In what was the first in anyone’s recollection, the superintendents of the Fort Worth and Arlington ISDs jointly discussed the new norm for education and the importance of alliances between industry and public school. The two ISDs educate approximately 140,000 students.

Fort Worth Superintendent Dr. Kent Paredes Scribner and Arlington Superintendent Dr. Marcelo Cavazos were joined by panel moderator Greg Karol, VP of Human Resources at Lockheed Martin Aeronautics Company, for the Fort Worth Chamber’s 16th annual State of Public Education luncheon September 12.

See a photo gallery of the event here.

Business partnerships/student interns:

Lockheed Martin Aeronautics Company was described as a model business partner by both ISDs for its ability to align industry and education and accepting high school student interns. “Science, Tech … STEM is our lifeblood,” said Karol. “And high school students are interested in engineering.”

Lockheed, which already had hundreds of employees participate in its Engineers in the Classroom program, began an intern program in 2014 with five students from the Arlington ISD. Today, four of the five are engineers with Lockheed. The just-completed cohort had 13 students, who have all been offered future, full-time positions at Lockheed. The upcoming cohort includes 52 students from four ISDs.

“We didn’t think the student interns would be mature enough,” Karol said. “We were wrong.”

 “Listen, learn and lead; we approach every student that way,” Scribner said. “The Board’s mission to us is to prep students for college AND careers.”

Scribner says the FWISD notices business leaders have become more engaged. “You will hear that they are ready. They’re designing systems to get the outcomes we’re getting,” he said. “Students are not problems that need to be solved. They are assets that need to be invested in.

“In every corner of Fort Worth, students must feel as if they have an opportunity.”

Cavazos said Arlington ISD is not asking businesses for money. “We’re not coming for your dollars. We’re coming for access,” he said. “Open doors for students to have opportunities. When you open the door, you’ll see success.

“Our students are exceptionally prepared. They are focused and they are disciplined. We have a powerful message: Give the students access, we provide the support and resources. With your opportunities, they exceed expectations.”

 Education in the 21st Century

Arlington ISD improved its state rating during 2018-19, but Cavazos said, “state tests don’t capture the essence of today’s classrooms: the teacher-student relationship.” He told a story about the first day of classes this year. “I walked into the STEM Academy at Martin (High School) and students were making a fully functional miniature ferris wheel. The first day.”

In the Dan Dipert Career and Technical Center, Arlington high school students take in a wide variety of career and technical fields for credit and certifications. Cavazos said 65 percent of all juniors and seniors take courses there. “Certification is an engagement tool. When students are seeking a certification, they are more engaged in what they are learning.”

Within the Fort Worth ISD, Scribner said more than 2,500 students earned certifications last year. “One student graduated with more Microsoft certifications than his teacher,” Scribner said.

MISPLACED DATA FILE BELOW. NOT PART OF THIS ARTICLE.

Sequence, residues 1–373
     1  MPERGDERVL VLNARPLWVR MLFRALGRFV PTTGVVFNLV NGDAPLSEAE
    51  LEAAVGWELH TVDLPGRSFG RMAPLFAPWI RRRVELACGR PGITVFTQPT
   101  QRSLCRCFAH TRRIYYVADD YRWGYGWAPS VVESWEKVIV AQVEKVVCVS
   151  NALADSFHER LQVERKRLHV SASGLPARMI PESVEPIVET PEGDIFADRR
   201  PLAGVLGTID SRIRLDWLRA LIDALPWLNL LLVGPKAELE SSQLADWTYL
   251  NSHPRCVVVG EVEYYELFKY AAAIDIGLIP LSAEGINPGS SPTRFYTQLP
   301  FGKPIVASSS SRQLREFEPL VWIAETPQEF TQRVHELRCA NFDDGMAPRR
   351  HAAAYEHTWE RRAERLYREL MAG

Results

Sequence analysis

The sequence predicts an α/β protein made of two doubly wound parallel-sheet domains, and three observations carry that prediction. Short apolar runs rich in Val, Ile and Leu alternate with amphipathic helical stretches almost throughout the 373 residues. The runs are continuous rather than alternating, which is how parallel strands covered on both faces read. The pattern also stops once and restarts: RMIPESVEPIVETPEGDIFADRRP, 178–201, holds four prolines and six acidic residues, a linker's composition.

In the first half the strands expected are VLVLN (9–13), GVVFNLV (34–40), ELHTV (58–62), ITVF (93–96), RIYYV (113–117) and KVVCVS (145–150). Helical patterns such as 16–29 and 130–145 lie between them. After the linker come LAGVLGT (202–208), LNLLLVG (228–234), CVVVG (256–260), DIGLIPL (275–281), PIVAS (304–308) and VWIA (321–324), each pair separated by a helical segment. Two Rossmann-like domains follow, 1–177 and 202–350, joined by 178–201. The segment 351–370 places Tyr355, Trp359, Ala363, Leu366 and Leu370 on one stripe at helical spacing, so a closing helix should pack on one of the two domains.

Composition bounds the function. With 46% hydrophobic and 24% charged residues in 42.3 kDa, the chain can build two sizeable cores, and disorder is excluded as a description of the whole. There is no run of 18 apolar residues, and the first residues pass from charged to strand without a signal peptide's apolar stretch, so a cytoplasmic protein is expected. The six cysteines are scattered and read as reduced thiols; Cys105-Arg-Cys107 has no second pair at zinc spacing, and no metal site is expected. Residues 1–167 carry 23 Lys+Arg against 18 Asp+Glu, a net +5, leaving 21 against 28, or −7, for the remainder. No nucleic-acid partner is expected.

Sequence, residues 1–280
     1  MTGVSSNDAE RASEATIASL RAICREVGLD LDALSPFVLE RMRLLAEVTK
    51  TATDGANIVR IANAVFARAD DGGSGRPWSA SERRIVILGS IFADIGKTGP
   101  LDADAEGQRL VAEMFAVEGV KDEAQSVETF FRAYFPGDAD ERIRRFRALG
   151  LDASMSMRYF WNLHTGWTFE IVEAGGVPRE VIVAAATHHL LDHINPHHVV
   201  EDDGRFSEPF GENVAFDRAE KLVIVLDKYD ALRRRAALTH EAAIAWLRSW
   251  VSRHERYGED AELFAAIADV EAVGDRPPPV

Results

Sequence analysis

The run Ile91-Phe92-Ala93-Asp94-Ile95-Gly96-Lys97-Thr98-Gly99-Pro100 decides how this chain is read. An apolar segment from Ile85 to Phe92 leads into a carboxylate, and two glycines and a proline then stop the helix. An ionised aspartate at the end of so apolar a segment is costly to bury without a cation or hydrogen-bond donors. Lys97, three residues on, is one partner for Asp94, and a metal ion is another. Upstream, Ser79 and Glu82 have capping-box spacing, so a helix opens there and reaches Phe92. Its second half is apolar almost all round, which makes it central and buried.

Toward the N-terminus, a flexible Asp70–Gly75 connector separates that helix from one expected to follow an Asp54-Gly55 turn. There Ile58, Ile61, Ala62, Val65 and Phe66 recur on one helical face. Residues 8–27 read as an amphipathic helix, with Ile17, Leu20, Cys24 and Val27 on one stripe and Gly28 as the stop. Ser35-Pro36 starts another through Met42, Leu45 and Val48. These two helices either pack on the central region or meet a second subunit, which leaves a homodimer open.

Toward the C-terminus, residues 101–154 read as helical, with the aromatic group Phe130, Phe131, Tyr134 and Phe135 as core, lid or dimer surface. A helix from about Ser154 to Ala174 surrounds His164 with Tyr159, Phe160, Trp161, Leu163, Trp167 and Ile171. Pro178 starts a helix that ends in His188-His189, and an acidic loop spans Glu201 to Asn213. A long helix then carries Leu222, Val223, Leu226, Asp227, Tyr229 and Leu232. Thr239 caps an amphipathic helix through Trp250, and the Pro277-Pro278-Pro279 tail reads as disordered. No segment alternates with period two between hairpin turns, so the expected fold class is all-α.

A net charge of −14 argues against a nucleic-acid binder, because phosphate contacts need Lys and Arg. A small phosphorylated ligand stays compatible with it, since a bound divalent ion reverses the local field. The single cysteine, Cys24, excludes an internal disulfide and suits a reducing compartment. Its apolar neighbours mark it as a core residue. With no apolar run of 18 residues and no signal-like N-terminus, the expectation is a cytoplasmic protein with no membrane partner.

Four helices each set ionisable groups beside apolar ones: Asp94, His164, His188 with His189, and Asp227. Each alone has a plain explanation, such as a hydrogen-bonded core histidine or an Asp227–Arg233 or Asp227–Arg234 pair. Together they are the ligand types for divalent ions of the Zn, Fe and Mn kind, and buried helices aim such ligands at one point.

Fort Worth has a variety of course and site options through its Gold Seal Programs of Choice / Schools of Choice. “We’re doubling down on career and technical education,” Scribner said. “We listen to our industry partners and craft our programs to fill their needs.”

He illustrated that by describing an ISD program educating students about drones and an announcement the day before that Amazon was opening a regional hub in Haslet for, among other things, drone deliveries. Amazon estimated it would need to fill 300 positions.

Scribner introduced a dual credit Fort Worth ISD student — Amari Rabb – who attends Marine Creek College in conjunction with Tarrant County College. He spoke to Rabb’s extended maturity level having gone to classes with college students and the opportunity he had to join the TCC Orchestra. Rabb will start college as a junior.

The luncheon, held at PalmWood in the Frost Tower, was sponsored by Linebarger Goggan Blair & Sampson LLP.

Get Your Interns!

Fort Worth ISD
Fort Worth ISD’s new P-Tech Academies – Pathways in Technology Early College High Schools – are a prime example of how industry partners, higher education partners, and educational leaders can come together to give students the academic, technical, and professional skills they need to provide a strong workforce pipeline.  To that end, we are looking for businesses interested in serving as a catalyst for our P-Tech initiative.  We are specifically looking for those interested in building the future workforce in the areas of cybersecurity, manufacturing, construction, and health care.

To learn more, please contact Peg Murphy at 817-814-2978 or

Arlington ISD
The Arlington ISD has a robust internship program – or Practicum Program – that gives students real-world applications as they are placed at businesses in the greater-Arlington community. Since the state-of-the-art Arlington ISD Dan Dipert Career & Technical Center opened before the 2018-2019 school year – providing relevant, innovative and rigorous learning experiences – AISD students are ready for these meaningful experiences. Business partners are identified within 16 different practicum pathways offered at the CTC then students are paired with those businesses for their senior year. The Arlington ISD is always looking for new opportunities for our students and new partnerships that provide access and inspire our students to dream big for their futures.

To learn more, please contact Susan Patterson, director of career and technical education, at 682-867-7400 or